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Suffering in Silence: Exploring the Painful Truth: The Saddle-Fit Link to Physical and Psychological Trauma in Horsesby Jochen Schleese
Synopses & Reviews
The wrong saddle, or one that fits incorrectly on a horse, can be harmful to both rider and horse and this book goes into specifics about how to properly fit a saddle while exposing the intricate details of both saddle form and fit. Saddle authority Jochen Schleese delves into issues that apply to all equestrian disciplines with chapters that explain the anatomy of the rider—both female and male, as well as that of children—and how the saddle should accommodate the rider, in addition to sections devoted to the horses biomechanics and the interaction of his structure and motion with the riders. Balance and how the saddle should enable the rider to sit is examined, and riders are introduced to the horses “reflex points” in the saddle region, which can be negatively impacted by poor saddle fit with dire consequences, including lasting—even permanent—damage to the horses body. With an eye toward improving saddle fit and horse well-being, Schleese is careful to explain the ways of determining whether a saddle fits, how to find a knowledgeable saddle fitter, and finally, how to ensure horses remain comfortable in the tack they must wear.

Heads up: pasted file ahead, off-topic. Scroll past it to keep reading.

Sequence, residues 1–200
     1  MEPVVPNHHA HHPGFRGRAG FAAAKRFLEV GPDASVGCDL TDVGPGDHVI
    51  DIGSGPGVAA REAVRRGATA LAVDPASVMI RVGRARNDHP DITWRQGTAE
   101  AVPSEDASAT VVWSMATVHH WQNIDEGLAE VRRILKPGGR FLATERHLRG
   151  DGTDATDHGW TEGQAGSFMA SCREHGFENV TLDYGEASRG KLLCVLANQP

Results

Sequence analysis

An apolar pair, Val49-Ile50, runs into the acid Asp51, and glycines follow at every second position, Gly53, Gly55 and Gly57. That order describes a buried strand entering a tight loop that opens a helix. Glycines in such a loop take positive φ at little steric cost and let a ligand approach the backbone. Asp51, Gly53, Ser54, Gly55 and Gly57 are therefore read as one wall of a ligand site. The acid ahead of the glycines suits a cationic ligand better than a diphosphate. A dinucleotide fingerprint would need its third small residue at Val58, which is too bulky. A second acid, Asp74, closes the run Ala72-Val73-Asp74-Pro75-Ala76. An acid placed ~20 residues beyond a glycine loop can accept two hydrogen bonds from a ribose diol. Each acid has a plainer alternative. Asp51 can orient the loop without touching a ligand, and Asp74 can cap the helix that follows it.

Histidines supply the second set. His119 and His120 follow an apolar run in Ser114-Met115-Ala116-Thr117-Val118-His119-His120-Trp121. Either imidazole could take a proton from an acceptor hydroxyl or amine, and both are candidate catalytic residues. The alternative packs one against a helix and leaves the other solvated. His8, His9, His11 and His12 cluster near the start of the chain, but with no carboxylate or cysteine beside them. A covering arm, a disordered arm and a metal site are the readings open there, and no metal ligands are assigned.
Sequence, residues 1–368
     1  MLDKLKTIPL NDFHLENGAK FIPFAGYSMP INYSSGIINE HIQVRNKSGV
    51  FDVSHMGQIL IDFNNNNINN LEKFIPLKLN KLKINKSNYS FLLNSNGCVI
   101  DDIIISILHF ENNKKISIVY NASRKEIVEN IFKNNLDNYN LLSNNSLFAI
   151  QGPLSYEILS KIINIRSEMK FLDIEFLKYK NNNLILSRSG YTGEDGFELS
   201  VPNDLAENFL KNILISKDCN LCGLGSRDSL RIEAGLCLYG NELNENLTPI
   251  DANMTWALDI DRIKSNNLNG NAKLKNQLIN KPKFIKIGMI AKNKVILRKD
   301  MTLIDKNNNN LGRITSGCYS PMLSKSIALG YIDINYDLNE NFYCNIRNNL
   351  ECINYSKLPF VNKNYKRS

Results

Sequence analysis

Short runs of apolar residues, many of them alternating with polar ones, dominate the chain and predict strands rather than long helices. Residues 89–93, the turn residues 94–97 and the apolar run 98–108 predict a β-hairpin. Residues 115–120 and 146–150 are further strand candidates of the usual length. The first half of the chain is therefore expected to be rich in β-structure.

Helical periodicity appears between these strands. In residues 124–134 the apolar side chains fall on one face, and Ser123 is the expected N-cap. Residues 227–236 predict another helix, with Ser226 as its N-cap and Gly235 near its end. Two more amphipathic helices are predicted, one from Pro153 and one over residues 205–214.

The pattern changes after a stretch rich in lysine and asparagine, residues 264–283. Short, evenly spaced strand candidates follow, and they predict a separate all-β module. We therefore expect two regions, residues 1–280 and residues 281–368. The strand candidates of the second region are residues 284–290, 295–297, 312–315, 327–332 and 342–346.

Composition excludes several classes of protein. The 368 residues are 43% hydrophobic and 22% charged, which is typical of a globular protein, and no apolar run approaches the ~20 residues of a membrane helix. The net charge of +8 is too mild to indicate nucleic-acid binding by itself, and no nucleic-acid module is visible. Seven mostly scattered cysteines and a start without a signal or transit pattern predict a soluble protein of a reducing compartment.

Humans and horses have been joined for thousands of years, and for much of that time, one thing has served as the primary point of physical contact between them: the saddle.
However, for many horses and many riders, the saddle has been no less than a refined means of torture. Horses have long suffered from tree points impeding the movement of their shoulder blades; too narrow gullet channels damaging the muscles and nerves along the vertebrae; and too long panels putting harmful pressure on the reflex point in the loin area. Male riders saddle up despite riding-related pain and the potential for serious side effects, such as impotence, while female riders endure backache, slipped discs, and bladder infections, to name just a few common issues.
We must ask ourselves: How much better could we ride and how much better could our horses perform if our saddles fit optimally? If they accommodated the horses unique conformation and natural asymmetry? If they were built for the differing anatomy of men and women?
The answers to all these questions are right here, right now, in this book.
About the Author
Jochen Schleese was certified as the youngest Master Saddler ever in Europe in 1984, and in 1986 was asked to be the official saddler for the World Dressage Championship. He received a patent for a revolutionary saddle design in 1996 and is recognized as an authority on horse saddles.
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